Staying in Siberia, in fact in Novosibirsk, we find the instrumentalist already known to us known as Speck (aka Nikita Bondarev), who has a new recording available through the side-project of Osmenog (a slight play upon the Russian word for "octopus"). Previously, Bondarev's output has been assessed by Siberian webzines as a mosaic built from "noise and musical particles." The same folks like to tag the result as "minimalist neoclassical." Somewhere within the glitch, blips, and squeaks of minimalist rustling lie the stricter forms of classical enterprise. New structures - and styles - therefore exist: they just need to be defined by discerning ears. Nature seems a good place to look.
It's always worth remembering when we visit the catalog of Osmenog and/or Speck's catalog that he has also released some recordings through FUSElab. Entitled "You [Are] Still Alone," that earlier publication blended ambient and drone layers with almost sparkling distortion, as if the places conjured by such gentle sounds - in which we're allegedly "alone" - were somehow "excessive." In realms where evident horizons become blurred or distances vague, logical and/or physical trajectories seemed frustratingly pointless. That loss of effable clarity took audible shape - especially in a very large series of photos that he publishes under the same title on Vkontakte (e.g., above).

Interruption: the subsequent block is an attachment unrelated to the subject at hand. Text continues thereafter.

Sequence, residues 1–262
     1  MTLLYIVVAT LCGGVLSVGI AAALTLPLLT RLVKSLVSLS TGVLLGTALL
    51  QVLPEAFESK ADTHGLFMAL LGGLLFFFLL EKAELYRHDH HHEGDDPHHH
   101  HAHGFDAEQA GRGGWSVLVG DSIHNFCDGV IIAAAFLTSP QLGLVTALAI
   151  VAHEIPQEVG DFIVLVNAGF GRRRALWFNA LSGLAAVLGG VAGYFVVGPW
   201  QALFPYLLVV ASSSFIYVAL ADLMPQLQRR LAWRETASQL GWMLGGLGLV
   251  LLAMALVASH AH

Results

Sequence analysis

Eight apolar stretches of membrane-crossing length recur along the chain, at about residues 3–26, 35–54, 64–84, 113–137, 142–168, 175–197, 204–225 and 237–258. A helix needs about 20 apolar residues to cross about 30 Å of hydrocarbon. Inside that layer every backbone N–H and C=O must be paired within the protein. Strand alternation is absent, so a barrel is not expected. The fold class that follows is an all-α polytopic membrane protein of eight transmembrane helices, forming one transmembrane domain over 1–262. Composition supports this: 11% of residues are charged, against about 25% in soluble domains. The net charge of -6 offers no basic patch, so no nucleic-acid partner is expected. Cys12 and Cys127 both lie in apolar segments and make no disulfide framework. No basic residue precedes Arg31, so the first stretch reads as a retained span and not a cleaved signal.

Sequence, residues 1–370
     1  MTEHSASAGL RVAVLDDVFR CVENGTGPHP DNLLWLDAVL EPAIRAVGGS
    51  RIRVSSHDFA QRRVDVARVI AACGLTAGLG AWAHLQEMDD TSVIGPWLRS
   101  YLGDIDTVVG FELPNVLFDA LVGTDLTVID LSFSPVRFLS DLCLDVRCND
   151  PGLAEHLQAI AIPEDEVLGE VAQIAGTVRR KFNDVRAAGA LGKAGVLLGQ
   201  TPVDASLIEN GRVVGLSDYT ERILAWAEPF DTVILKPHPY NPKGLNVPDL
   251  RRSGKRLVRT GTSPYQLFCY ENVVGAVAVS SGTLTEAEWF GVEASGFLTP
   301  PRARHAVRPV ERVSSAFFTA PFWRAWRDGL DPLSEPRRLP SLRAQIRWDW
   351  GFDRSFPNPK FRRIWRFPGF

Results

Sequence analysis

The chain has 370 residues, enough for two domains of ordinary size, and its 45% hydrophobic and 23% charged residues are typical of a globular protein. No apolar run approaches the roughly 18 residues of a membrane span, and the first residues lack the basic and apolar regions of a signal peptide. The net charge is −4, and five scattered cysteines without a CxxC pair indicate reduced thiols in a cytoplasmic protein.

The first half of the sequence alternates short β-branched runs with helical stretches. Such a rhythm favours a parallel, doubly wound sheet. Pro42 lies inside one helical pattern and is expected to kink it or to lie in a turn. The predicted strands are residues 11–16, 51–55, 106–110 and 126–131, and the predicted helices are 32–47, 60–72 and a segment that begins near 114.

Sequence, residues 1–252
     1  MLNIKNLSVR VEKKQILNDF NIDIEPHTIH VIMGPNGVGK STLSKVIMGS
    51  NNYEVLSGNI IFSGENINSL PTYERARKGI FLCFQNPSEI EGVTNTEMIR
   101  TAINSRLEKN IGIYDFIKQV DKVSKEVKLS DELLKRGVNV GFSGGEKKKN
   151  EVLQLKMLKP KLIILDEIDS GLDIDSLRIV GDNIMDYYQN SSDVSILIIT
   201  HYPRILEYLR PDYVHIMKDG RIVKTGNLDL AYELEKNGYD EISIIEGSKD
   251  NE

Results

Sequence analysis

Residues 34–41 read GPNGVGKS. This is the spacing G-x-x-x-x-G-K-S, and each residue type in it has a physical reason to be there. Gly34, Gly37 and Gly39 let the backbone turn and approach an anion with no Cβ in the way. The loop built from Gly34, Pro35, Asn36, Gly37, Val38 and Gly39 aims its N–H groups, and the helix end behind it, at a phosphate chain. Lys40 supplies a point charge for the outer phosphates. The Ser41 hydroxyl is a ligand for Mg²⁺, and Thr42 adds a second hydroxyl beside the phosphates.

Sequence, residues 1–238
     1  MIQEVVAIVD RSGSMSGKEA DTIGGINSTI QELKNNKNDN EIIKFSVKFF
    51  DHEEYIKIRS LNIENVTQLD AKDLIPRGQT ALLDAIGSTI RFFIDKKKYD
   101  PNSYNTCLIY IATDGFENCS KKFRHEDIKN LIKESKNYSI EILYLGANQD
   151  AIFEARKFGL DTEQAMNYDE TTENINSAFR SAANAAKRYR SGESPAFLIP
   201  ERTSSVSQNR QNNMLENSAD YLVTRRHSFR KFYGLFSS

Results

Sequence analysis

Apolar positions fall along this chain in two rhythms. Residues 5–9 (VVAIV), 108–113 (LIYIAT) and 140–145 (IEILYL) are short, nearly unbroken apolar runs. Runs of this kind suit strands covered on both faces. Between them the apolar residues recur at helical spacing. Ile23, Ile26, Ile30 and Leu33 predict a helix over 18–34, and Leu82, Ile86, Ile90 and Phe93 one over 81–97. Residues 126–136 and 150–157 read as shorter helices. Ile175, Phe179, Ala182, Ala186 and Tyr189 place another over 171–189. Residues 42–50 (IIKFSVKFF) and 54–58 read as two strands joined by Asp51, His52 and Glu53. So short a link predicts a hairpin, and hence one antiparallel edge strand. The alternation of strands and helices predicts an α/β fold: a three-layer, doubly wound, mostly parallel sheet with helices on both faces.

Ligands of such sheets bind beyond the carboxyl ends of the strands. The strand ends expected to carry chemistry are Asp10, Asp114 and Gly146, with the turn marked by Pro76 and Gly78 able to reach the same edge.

One of the quietest, happiest connections between soundscapes, landscapes, and calm can be found in the project known as 2muchachos, located close to the industrial city of Cherepovets (in between Moscow and St Petersburg). As one might imagine, that address has led - over the centuries - to a rich network of railways, roads, and other forms of communication. Iron and steel plants now form the backbone of local industry, having benefitted from the same connections. Consequently the city's name is synonymous with noisy enterprise.
Despite the scale and significance of their hometown - or perhaps because of that clamorous majesty - these artists cultivate a deliberately miniature aesthetic.